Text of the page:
Full disclosure: I’m going through a break up. On top of that, my career has become a bit foggy. And I’m talking about the fog that lays on the highway like a thick blanket in the morning. The kind that’s almost sufficating. I’m unsure of my place here in Atlanta, and of this phase of my life in general. I feel like I’ve lost “my purpose.”  As a result, I’ve pushed back on a lot of the change that’s catapulting into my life. Because it’s been straight up excruciating.

On Wednesday night I came down with a case of the sniffles – Your basic mild cold, which in a sense is much like a paper cut – Nothing major but annoying as HELL. I couldn’t breathe and I couldn’t sleep, so I shoved some tissues up my nose and took a little bit too much Nyquill (which is way too easy to do.) I woke up in a daze the next day and went to work with what felt like a spacesuit around my head. But when I finally snapped out of, I was calm, clear and alert.

Similar to the clarity and stillness of the moments I’ve found after accepting some difficult realities about my life. Some things are over, and others are just beginning.

And the relief I’ve gained by accepting it, has been mind-blowing. It’s pretty magical to sit back, let the pieces fall where they will and let go of what I thought I wanted, to make room for what will be – And I have a strong conviction whatever is coming is amazing.

Call it Jesus, call it maturity – whatever. It’s unnerving, in a good way.

The 5-year-old in my head keeps nagging, “But what am I supposed to do right NOW?”


*Insert side eye.* I’m just supposed to sit here and wait?

My conviction says, yeah, just sit there and wait. Better days are ahead, I’m where I am for a reason – A reason I haven’t discovered yet.

It’s easy to fight back against what we know will cause us pain. But there’s a certain grace about accepting life and relationships for what they are. It doesn’t mean we’re not allowed to feel sad, even depressed. But surrendering to that sadness and getting beat by emotions, is a mistake.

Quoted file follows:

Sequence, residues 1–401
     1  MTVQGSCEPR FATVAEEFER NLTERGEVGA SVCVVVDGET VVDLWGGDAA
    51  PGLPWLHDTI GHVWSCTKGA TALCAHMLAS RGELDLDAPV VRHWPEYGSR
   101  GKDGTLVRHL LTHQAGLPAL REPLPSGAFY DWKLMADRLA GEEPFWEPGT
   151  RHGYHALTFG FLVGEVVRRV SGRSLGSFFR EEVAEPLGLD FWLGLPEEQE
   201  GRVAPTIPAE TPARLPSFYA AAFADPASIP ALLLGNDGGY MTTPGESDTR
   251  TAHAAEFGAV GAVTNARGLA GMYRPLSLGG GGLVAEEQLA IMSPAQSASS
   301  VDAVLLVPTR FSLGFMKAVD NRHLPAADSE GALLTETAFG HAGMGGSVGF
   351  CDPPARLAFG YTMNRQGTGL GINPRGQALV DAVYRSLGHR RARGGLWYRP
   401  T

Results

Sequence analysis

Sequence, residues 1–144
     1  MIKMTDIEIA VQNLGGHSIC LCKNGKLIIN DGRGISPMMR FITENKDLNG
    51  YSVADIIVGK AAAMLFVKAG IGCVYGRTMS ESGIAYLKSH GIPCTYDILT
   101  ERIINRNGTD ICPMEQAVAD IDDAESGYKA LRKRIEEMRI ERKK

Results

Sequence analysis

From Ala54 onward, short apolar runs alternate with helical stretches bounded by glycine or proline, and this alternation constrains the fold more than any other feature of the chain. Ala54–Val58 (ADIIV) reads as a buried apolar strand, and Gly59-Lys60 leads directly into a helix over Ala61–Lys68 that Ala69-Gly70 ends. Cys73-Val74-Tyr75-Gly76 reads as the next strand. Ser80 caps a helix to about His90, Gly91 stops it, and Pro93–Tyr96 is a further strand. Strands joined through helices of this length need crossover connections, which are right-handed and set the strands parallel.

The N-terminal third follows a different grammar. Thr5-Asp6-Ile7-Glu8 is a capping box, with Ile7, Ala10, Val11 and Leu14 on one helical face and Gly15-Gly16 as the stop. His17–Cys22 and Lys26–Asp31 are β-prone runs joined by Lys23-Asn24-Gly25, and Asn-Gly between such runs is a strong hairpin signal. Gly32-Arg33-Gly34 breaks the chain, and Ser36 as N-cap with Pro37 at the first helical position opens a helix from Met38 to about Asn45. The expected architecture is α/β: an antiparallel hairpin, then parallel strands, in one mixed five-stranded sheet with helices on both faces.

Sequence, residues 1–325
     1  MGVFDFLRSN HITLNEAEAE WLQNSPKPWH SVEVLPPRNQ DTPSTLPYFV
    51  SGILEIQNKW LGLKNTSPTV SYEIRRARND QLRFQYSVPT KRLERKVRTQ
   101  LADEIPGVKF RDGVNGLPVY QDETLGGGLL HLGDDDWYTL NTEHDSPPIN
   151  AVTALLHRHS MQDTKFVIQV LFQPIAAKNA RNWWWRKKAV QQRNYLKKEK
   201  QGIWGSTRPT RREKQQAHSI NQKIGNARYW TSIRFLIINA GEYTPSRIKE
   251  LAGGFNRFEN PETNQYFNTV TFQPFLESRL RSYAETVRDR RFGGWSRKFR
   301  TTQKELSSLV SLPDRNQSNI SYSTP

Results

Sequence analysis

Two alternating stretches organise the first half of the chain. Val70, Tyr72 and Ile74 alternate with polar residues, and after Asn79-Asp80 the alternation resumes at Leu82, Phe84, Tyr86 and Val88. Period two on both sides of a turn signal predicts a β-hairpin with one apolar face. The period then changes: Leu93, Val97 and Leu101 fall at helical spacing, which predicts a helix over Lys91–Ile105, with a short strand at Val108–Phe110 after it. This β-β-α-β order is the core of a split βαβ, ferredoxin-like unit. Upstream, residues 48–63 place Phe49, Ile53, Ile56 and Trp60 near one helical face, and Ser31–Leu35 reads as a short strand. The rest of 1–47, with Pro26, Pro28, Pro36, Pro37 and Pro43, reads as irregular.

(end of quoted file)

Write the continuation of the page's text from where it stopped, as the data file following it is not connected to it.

If we can accept the darkness as a season rather than a lifetime, our eyes will adjust – And we’ll spot a window.

The level of inner torcher Robin Williams experienced before he died – we won’t ever know. But his death, however morbid it may be, gave me some perspective, and some hope. The whole world, across generations, pay-grades and cultures mourned the loss of such a light. Did he not know how much he meant to us? Maybe he couldn’t find a window, because clearly, there was hope. Even in his death, we remember the way he made us laugh – The way he changed our lives, the way he gave his audience something to hold onto past the movie screen.

Robin Williams - "Insomnia"

Pushing back on the change that organically happens in your life delays the healing process, and the first part of healing yourself is to accept your circumstances, however crappy they may be.

I’m not where I want to be right now, but I know I’ll find it eventually – So in the meantime…

I’m thankful for the pauses, even when growth seems like it’s standing still.

After all, “to live, is an awfully big adventure.”